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By Krishna N. Das
NEW DELHI (Reuters) – India’s government laboratories should give “top priority” to testing cough syrup for export, the drug regulator said on Wednesday, after the deaths of dozens of children in Gambia and Uzbekistan were linked to the medicines.
The Central Drugs Standard Control Organisation’s directive also said laboratories should issue test reports immediately, or as early as possible, after analysing samples from manufacturers.
India made tests for cough syrup exports mandatory earlier this week after the World Health Organization (WHO) found toxins in cough syrups made by three Indian companies.
Syrups made by two of these companies were linked to the deaths of 70 children in Gambia and 19 in Uzbekistan last year.
The deaths shook the reputation of India’s $41 billion pharmaceutical industry, one of the world’s largest, and the government is considering an overhaul of its pharmaceutical industry policy to tighten procedures on testing and raw materials.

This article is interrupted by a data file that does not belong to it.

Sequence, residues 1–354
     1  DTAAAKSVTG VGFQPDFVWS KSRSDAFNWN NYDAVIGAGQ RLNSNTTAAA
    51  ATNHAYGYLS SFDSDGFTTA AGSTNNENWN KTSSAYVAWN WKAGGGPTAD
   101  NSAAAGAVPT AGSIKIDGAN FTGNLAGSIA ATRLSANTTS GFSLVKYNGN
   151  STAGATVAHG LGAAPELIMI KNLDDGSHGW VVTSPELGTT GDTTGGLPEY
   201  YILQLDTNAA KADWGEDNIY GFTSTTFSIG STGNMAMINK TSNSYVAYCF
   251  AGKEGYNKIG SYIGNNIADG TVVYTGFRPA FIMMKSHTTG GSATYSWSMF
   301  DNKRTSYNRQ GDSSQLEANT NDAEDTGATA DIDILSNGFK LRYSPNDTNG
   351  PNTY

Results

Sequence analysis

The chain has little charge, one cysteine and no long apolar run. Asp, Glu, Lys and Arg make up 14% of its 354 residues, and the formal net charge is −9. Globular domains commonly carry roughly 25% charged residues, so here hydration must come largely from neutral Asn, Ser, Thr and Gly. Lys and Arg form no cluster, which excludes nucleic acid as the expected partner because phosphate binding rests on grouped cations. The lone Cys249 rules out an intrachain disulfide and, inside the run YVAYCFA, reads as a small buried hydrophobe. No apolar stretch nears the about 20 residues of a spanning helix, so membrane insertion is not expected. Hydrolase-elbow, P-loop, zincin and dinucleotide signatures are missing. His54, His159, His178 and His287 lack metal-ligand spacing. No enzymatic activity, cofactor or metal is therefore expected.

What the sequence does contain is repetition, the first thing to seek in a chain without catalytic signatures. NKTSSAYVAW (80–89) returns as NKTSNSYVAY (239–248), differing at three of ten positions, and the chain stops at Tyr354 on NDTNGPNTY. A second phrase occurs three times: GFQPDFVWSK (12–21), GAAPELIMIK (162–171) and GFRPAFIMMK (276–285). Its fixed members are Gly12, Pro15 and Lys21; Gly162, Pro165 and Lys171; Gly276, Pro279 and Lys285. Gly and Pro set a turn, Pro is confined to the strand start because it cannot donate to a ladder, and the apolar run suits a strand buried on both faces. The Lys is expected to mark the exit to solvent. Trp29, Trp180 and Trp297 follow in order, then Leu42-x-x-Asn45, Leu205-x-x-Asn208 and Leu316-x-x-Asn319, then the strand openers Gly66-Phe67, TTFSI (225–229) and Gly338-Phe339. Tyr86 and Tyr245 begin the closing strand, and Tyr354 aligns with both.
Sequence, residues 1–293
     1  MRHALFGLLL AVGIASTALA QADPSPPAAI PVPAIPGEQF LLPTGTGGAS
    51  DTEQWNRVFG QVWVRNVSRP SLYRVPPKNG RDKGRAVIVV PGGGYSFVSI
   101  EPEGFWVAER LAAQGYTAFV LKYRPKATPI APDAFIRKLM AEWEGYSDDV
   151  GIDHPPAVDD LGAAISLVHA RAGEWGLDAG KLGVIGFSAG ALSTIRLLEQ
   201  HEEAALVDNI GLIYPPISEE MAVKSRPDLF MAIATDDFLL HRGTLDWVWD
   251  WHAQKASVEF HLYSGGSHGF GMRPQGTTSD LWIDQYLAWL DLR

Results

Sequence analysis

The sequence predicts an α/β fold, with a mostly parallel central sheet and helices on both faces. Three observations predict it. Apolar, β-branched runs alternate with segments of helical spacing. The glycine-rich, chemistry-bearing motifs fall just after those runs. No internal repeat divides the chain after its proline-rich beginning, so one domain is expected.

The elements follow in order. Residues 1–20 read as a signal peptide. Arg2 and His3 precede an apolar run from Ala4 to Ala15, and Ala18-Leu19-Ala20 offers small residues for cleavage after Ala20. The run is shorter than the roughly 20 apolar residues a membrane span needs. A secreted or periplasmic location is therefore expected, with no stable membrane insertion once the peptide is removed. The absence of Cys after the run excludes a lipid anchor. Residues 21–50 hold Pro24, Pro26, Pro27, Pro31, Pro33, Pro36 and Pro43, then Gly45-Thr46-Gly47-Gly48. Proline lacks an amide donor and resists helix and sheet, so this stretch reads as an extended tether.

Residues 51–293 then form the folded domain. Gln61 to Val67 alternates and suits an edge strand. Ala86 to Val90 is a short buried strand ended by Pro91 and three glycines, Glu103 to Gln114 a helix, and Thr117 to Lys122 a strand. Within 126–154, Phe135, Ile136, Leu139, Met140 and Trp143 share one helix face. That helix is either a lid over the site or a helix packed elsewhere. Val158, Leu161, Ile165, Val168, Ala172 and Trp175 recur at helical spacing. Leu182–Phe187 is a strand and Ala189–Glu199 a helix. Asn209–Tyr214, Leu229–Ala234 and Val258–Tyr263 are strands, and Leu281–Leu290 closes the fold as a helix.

The Wednesday directive was sent to all federal government laboratories and to drug regulators in six major production states and one federal territory.
From June 1, all cough syrup exported from India will need a certificate of analysis from a government laboratory. The Health Ministry has not responded to requests for comment from Reuters on whether such tests would also be required for the domestic market.
Indian tests of cough syrups made by Maiden Pharmaceuticals Ltd, linked to the deaths of children in Gambia, found no toxins but contaminants were detected in many drugs made by Marion Biotech, whose syrups were linked to deaths in Uzbekistan. The companies deny any wrongdoing.
(Reporting by Krishna N. Das; Writing by Shivam Patel; Editing by Sharon Singleton)